Benutzerhandbuch Datenschutzhinweis Impressum Kontakt





MR angiography of the thoracic vessels


Scheffler,  K
Department High-Field Magnetic Resonance, Max Planck Institute for Biological Cybernetics, Max Planck Society;

Externe Ressourcen
Es sind keine Externen Ressourcen verfügbar
Volltexte (frei zugänglich)
Es sind keine frei zugänglichen Volltexte verfügbar
Ergänzendes Material (frei zugänglich)
Es sind keine frei zugänglichen Ergänzenden Materialien verfügbar

Bongartz, G., Boos M, Winter K, Brändli, M., & Scheffler, K. (1997). MR angiography of the thoracic vessels. Radiologe, 37(7), 529-538. doi:10.1007/s001170050250.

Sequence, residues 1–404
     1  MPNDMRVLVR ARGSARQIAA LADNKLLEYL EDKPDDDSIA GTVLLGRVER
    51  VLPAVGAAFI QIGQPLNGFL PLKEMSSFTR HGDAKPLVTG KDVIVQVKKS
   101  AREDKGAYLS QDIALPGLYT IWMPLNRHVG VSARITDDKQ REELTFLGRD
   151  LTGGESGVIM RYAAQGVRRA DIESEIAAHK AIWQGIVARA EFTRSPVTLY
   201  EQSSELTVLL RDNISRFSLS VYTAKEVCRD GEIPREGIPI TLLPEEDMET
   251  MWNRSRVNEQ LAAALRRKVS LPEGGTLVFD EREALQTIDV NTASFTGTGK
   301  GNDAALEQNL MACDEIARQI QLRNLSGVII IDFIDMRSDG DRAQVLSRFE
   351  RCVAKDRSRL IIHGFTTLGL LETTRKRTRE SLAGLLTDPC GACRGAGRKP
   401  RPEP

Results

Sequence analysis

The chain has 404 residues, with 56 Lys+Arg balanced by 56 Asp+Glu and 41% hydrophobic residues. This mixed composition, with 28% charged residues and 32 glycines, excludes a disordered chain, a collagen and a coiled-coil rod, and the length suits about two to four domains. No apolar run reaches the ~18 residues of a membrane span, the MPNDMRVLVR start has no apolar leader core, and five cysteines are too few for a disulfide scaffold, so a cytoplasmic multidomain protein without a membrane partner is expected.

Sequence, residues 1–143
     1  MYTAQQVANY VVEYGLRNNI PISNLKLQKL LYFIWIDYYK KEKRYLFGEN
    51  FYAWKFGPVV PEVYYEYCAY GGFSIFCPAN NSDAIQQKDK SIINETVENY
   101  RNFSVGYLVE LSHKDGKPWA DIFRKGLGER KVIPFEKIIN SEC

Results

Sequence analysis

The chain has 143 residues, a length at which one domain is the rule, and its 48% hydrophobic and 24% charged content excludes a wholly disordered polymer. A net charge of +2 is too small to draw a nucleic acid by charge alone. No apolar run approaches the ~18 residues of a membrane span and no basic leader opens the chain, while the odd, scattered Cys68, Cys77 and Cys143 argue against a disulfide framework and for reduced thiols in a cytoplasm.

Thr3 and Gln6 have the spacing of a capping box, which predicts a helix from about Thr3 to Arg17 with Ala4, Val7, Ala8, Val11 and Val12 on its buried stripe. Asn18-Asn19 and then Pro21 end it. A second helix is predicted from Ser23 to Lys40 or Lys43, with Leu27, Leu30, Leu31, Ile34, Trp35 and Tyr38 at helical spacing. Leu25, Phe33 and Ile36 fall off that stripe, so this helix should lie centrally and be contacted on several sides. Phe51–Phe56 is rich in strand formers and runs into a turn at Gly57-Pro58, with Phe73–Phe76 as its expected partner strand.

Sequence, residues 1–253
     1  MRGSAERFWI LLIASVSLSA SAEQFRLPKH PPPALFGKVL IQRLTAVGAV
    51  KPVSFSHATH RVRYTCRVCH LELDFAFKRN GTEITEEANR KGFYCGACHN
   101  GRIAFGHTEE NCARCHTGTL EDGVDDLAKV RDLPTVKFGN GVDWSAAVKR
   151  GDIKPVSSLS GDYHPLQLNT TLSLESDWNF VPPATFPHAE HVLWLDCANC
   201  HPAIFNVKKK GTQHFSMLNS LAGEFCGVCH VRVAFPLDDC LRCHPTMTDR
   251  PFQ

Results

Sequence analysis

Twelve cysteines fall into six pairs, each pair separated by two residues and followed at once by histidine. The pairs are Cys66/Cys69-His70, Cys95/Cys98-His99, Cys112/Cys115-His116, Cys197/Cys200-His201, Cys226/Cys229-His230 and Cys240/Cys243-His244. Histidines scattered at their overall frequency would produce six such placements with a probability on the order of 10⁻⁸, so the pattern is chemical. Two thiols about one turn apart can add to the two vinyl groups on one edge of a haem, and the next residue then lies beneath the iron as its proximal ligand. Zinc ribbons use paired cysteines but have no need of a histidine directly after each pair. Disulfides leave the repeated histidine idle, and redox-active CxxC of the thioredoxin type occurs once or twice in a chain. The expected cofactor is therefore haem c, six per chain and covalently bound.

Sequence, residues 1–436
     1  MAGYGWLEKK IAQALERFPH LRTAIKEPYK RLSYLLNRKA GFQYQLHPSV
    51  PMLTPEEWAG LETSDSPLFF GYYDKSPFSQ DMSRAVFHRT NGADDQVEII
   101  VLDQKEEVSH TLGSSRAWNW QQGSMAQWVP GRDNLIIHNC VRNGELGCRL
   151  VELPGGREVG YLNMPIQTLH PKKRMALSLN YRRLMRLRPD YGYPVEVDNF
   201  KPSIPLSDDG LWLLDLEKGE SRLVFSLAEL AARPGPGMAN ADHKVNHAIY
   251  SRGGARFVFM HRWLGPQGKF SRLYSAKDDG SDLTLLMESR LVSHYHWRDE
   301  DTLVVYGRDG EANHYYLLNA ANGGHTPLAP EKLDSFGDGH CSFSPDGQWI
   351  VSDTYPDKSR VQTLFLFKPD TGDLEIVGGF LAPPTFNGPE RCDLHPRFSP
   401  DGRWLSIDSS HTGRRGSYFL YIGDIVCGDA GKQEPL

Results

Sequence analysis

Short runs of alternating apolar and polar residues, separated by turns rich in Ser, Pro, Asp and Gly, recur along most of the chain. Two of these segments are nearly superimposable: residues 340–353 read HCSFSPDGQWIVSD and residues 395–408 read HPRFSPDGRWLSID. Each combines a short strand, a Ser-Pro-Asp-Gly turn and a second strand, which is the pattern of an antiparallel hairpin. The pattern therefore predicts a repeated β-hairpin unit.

Through the introduction of newly invented high-performance gradient systems to MRI, which enable for echoplanar imaging (EPI), also magnetic resonance angiography (MRA) has gained an entirely new field of applications and techniques. Ultrafast imaging techniques in MRA allow the investigation of larger vascular areas within a single breathhold-period. Artifacts like motion induced signal misregistrations, dephasing or saturation of the vascular signal are minimized by extremely short echo times. The technique thus requires the intravenous application of a contrast media bolus, usually a gadolinium compound, which is in standard clinical use. Coordination of the bolus injection and the timing of the data acquisition is crucial for optimal results. The first pass evaluation of the contrast media resembles CTA to a certain extend. Due to the fast measurement and the high contrast in contrast-enhanced MRA (CE-MRA) new applications and indications are developed like MRA of the pulmonary vessels. The paper offers considerations and trials for optimization of thoracical CE-MRA. Besides parameter constellation also bolus-optimization is described with respect to the dedicated anatomical premises. Investigations on volunteers and on patients build a basis for suggestions on optimized CE-MRA procedures. To date, a final estimation of the clinical value of the new technique cannot be given since ongoing improvements change the optimal protocol frequently and the potential of further developments is high.